Cows might fly

IN all the arguments about the British rebate in Europe and the Common Agricultural Policy one statistic stands out.

CAP subsidies are sufficient to fly each of the 29 million cows in Europe around the World first class.

The average person in sub-Saharan Africa earns less than $1 a day.
The average cow in Europe earns over $2 a day.

The Common Agricultural Policy swallows more than 40 per cent of Europe's budget, but less than 5% of Europe’s population are employed in agriculture.

That is why the Prime Minister is right when he says that reforming CAP is as important as cancelling debt, improving aid and reforming trade to the Third World.

Some commentators have criticised Bob Geldof and his rock star friends for lecturing people about African poverty.
But in fact they deserve credit for putting their celebrity to good use.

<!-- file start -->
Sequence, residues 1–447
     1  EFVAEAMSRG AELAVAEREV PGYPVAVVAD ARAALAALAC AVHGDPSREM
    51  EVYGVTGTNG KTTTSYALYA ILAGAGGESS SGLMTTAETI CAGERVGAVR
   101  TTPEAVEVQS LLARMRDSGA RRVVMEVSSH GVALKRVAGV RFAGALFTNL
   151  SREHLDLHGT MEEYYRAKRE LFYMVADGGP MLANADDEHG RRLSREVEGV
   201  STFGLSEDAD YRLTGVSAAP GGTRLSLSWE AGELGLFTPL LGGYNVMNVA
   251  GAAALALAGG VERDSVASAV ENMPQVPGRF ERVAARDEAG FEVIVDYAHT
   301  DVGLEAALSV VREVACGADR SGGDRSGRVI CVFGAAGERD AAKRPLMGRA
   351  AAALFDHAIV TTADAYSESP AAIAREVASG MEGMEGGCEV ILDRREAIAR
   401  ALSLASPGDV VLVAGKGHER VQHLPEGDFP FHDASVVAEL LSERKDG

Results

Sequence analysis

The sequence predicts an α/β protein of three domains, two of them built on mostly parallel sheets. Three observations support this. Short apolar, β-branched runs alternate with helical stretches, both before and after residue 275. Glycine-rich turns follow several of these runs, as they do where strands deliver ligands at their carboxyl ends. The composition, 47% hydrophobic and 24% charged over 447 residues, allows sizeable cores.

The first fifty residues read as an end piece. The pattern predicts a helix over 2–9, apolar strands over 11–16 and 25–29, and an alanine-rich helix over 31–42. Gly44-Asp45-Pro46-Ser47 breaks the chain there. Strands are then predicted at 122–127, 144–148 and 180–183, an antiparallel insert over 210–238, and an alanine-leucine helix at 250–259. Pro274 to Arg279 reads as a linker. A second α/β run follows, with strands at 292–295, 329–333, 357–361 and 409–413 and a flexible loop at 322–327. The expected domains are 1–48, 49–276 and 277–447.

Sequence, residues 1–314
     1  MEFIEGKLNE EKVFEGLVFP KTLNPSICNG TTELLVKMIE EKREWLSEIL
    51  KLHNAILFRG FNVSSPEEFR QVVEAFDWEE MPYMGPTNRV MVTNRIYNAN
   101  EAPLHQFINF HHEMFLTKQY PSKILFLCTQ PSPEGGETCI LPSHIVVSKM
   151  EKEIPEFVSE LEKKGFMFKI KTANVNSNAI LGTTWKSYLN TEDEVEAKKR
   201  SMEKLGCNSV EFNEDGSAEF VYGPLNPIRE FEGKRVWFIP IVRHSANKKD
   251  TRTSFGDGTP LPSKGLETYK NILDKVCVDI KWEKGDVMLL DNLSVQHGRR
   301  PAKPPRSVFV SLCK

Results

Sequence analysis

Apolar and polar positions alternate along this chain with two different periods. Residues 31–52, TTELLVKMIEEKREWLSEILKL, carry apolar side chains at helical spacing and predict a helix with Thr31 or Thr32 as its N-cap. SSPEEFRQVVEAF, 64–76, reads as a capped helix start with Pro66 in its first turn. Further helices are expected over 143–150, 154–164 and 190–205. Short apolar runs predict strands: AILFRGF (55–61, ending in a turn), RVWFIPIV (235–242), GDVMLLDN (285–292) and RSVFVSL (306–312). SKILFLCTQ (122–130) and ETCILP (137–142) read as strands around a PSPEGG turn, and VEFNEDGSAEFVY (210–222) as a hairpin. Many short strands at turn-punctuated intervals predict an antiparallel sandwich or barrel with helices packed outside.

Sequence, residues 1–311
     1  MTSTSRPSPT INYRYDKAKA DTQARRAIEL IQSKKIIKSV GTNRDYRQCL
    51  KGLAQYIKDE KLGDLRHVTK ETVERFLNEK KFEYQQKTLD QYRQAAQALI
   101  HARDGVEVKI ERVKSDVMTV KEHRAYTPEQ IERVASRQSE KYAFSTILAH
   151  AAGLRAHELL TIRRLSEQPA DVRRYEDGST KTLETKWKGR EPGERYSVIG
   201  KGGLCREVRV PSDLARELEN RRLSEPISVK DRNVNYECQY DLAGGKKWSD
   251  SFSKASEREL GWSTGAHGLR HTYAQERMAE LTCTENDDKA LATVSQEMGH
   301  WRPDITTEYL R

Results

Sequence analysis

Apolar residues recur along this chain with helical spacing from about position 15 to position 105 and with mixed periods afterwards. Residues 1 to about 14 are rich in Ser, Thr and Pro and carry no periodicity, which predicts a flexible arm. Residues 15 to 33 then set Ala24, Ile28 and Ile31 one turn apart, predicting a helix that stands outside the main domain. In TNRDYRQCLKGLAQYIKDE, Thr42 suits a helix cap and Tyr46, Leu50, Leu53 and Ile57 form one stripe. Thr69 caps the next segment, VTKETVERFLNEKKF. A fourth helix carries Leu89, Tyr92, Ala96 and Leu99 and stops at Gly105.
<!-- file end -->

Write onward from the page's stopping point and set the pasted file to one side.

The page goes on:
The Make Poverty History Campaign and Live8 have already succeeded in one sense by helping the government to force the issue of World poverty up the agenda here and in other rich countries.

Few people can now be unaware that the G8 leaders, the 7 richest countries in the World, and Russia, are meeting next week in Scotland, and that Britain has made World poverty the number one priority.
We should all be proud that Britain is taking the lead on World poverty, and support the efforts of Bob Geldof and his friends to get the public involved.

That people still die through lack of food and medicine in our World is an obscenity.
Making poverty history shouldn’t have to wait until the day the pigs (or should that be cows) will fly.